Happiness-oriented people are vital in every society; this is a construct formed by three different types of happiness: pleasure, meaning, and engagement, and it is considered as an indicator of mental health. This study aims to provide data on the levels of orientation to happiness in higher-education teachers and students. The present paper contains data about the perception of this positive aspect in two Latin American countries, Mexico and El Salvador. Structure instruments to measure the orientation to happiness were administrated to 397 teachers and 260 students. This data descriptor presents descriptive statistics (mean, standard deviation), internal consistency (Cronbach’s alpha), and differences (Student’s t-test) presented by country, population (teacher/student), and gender of their orientation to happiness and its three dimensions: meaning, pleasure, and engagement. Stepwise-multiple-regression-analysis results are also presented. Results indicated that participants from both countries reported medium–high levels of meaning and engagement happiness; teachers reported higher levels than those of students in these two dimensions. Happiness resulting from pleasure activities was the least reported in general. Males and females presented very similar levels of orientation to happiness. Only the population (teacher/student) showed a predictive relationship with orientation to happiness; however, the model explained a small portion of variance in this variable, which indicated that other factors are more critical when promoting orientation to happiness in higher-education institutions.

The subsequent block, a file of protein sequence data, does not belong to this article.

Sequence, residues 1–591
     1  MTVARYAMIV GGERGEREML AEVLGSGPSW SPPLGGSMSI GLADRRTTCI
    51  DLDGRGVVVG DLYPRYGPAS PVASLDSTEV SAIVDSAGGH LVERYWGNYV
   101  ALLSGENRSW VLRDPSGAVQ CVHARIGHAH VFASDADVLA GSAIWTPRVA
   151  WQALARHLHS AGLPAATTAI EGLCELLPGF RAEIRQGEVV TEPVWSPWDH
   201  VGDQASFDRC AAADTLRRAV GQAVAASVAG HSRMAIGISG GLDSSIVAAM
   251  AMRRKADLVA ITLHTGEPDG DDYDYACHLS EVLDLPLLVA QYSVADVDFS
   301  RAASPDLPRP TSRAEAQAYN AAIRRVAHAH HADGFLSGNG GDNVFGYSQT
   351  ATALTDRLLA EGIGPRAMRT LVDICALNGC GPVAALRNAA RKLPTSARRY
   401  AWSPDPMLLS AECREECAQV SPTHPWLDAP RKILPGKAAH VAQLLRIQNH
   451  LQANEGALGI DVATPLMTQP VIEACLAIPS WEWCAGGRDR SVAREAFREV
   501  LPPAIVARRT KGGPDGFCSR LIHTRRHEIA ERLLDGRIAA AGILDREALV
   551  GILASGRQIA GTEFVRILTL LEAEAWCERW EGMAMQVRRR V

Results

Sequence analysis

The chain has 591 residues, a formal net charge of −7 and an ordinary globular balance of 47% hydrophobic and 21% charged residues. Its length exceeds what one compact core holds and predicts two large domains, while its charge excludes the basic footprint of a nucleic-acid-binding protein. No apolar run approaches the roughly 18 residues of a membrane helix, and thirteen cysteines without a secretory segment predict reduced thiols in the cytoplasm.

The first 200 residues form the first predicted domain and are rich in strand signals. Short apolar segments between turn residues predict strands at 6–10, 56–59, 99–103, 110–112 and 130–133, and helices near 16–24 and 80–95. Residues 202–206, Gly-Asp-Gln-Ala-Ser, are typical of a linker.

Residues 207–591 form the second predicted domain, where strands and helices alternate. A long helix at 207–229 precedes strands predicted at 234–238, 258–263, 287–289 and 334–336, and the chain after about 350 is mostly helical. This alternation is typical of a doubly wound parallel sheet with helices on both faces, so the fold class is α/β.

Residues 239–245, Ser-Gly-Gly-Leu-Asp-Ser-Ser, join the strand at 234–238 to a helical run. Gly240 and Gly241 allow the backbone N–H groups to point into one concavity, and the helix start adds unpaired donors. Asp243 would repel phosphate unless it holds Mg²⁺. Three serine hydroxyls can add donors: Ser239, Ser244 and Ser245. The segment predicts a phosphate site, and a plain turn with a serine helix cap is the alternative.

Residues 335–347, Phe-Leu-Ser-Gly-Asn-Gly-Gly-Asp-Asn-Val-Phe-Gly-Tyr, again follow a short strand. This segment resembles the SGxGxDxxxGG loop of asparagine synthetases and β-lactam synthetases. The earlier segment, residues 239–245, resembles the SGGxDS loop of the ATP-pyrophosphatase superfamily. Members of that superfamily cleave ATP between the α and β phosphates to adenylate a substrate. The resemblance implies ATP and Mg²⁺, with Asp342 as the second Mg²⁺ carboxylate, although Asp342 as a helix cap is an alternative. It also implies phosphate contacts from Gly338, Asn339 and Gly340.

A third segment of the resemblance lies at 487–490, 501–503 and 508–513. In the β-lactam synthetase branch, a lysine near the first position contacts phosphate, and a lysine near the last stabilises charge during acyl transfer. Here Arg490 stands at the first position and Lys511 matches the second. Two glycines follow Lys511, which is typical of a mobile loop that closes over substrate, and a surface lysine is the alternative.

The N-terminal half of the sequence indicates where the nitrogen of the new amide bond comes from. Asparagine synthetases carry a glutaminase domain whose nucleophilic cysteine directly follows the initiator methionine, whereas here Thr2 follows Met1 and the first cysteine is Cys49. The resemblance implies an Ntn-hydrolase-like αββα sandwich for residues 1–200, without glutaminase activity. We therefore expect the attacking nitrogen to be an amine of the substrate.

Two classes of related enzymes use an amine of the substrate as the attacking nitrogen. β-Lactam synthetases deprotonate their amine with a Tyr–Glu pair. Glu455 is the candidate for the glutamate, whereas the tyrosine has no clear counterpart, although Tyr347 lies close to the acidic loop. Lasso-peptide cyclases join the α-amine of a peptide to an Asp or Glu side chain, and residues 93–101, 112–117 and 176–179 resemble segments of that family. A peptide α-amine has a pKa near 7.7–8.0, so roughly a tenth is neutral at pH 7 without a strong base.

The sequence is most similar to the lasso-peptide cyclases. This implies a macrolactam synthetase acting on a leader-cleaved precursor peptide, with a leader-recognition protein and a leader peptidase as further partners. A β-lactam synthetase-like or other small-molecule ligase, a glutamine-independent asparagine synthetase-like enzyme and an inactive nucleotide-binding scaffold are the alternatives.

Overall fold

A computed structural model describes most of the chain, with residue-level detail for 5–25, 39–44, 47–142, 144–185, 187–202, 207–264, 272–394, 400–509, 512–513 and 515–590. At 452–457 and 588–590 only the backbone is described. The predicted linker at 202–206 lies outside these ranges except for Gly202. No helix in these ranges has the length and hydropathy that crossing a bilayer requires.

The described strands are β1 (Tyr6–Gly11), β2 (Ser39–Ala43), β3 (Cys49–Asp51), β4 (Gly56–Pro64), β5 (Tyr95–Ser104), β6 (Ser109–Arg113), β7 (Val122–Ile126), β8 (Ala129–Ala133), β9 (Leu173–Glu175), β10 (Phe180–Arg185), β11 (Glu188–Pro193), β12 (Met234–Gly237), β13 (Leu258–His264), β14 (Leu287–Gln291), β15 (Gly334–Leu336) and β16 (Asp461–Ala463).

This is an open access article distributed under the Creative Commons Attribution License
which permits unrestricted use, distribution, and reproduction in any medium, provided the original work is properly cited